It might be presumptuous of me, but Peter Buck has always struck me as the kind of guy I could have a beer with and talk for hours about music and whatever else. Over the last, say, two decades or so, he's gotten into a habit of touting the latest R.E.M. release as "our best one yet"-- although even he knew to hold his tongue when Around The Sun was released. A few weeks ago, I read an interview with Peter where he talked about driving home after the Nashville sessions, listening to the finished mixes of Collapse Into Now, and thinking to himself: "song for song, this is our best album yet."

Well, it isn't, but Peter's enthusiasm is not entirely without foundation. (In my opinion, anyway.) I didn't care much for Accelerate, and especially disliked Around The Sun, but this album strikes me as the most effortless and fun recording R.E.M. has released in a while, for once largely avoiding the ponderous quality that has begun sneaking into their music around 1998. I instantly enjoyed Discoverer, Uberlin, That Someone Is You, Oh My Heart, and Walk It Back. Heck, I even enjoy the unabashed cheesiness of Every Day Is Yours To Win. So sue me. There's not one song I really dislike, in fact, although the closing number Blue seems like a hasty shotgun marriage between Country Feedback and E-Bow The Letter, and is to my ears not as successful as the band probably thinks it is.

Finally, I briefly want to address the mastering engineer for this project, a vulgar audio criminal who calls himself Stephen Marcussen. Listen to me, dude: when the Loudness Wars are over, and you're put on trial for your atrocities, for your ruthless limiting and for your utter lack of subtlety with dynamics, and when they finally sentence you to the (musical) chair, I will be there to laugh in your face.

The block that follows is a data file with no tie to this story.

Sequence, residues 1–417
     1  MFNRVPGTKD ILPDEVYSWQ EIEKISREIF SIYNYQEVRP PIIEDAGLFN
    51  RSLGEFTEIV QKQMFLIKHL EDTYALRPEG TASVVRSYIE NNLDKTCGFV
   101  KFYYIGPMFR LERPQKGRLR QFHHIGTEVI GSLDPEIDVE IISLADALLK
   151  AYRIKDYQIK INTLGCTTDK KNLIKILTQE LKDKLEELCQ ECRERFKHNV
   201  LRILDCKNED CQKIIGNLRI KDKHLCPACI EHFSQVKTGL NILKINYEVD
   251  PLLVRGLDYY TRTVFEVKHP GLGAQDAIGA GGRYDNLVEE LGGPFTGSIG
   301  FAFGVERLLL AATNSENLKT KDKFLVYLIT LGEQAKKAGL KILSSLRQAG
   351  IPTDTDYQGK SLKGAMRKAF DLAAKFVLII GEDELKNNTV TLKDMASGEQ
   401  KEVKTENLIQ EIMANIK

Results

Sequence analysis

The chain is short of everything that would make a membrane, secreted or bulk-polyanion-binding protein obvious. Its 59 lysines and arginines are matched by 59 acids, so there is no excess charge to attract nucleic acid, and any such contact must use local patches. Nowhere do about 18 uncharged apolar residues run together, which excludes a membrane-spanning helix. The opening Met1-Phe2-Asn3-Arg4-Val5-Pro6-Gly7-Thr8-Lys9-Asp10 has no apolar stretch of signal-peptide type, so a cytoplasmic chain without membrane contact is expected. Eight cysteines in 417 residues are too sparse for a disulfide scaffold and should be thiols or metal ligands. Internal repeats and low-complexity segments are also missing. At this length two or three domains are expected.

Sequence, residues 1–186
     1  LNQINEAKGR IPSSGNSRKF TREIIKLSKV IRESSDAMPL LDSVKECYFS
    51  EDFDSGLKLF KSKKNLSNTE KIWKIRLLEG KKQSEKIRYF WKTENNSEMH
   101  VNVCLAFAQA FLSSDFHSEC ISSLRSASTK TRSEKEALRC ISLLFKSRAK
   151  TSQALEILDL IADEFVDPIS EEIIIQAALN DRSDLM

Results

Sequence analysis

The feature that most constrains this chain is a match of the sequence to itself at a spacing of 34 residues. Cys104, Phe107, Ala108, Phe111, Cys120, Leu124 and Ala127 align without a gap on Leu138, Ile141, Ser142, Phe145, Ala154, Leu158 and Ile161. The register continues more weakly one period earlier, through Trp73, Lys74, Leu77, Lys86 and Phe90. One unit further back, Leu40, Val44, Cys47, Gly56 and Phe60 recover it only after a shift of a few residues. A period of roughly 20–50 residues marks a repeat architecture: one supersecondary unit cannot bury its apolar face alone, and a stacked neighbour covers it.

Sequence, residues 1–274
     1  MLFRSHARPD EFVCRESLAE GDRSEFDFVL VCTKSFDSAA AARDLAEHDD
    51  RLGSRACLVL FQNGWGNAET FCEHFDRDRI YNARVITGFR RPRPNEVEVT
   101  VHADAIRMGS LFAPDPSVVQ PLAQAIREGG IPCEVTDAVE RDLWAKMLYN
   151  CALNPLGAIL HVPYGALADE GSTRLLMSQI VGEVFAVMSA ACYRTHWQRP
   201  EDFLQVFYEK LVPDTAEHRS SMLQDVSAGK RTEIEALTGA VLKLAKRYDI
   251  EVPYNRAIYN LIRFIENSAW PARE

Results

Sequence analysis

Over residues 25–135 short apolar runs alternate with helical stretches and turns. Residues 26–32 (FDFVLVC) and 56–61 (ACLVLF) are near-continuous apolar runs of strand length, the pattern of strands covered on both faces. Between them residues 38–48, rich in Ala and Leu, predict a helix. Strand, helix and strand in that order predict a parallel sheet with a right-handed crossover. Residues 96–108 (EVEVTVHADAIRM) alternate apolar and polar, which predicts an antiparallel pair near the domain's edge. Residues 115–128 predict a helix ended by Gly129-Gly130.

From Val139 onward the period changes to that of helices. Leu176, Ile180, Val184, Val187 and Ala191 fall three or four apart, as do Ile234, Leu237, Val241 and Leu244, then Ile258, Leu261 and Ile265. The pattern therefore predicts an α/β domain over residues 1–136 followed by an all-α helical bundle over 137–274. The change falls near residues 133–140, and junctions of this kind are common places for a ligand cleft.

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81 of 98 people found the following review helpful By Red on Black TOP 1000 REVIEWER on March 8, 2011
Format: Audio CD
3.5 stars
Lets start this review with three basic facts about R.E.M that if accepted will make us all feel much more content and happier.

1. Bill Berry left REM some time ago.
2. The band have already recorded their best albums and with "Murmur" and "Automatic for the people" behind them they will never make better music.
3. Some of their albums since Berry's departure have not been very good and in particular "Around the Sun" could be used for Frisbee practice.

Thus we have REMs 15th album "Collapse into now" which Mike Mills has trailed with the enticing hint that "It makes sense as a whole the same way that Automatic For The People did." And yet it has already been denounced by some critics as a sure sign of a band "stranded between somewhere between pointlessness and real inspiration" (John Harris in Q Mag). So let's ignore the verbal's and judge the songs and see where that takes us. As a starting point after listening to the first four songs it's hard to disagree with Mill's sentiments since they amount to one of the finest opening sets to a REM album in many a long year. The blazing "Discoverer" is a truly excellent rock song full of great chunking Peter Buck chords and with Stipe spitting out the opening lines "Hey baby/This is not a challenge/It just means that I don't love you as much as I always said I did". Next up is the ferocious attack of "All the best" with its great centerpiece line "lets show the kids how to do it fine"; it is followed by "Uberlin" which does echo "Drive" and taps into that instantly recognizable classic REM sound harking back to the "Reckoning" era sound and is a lovely lament and a great Stipe vocal.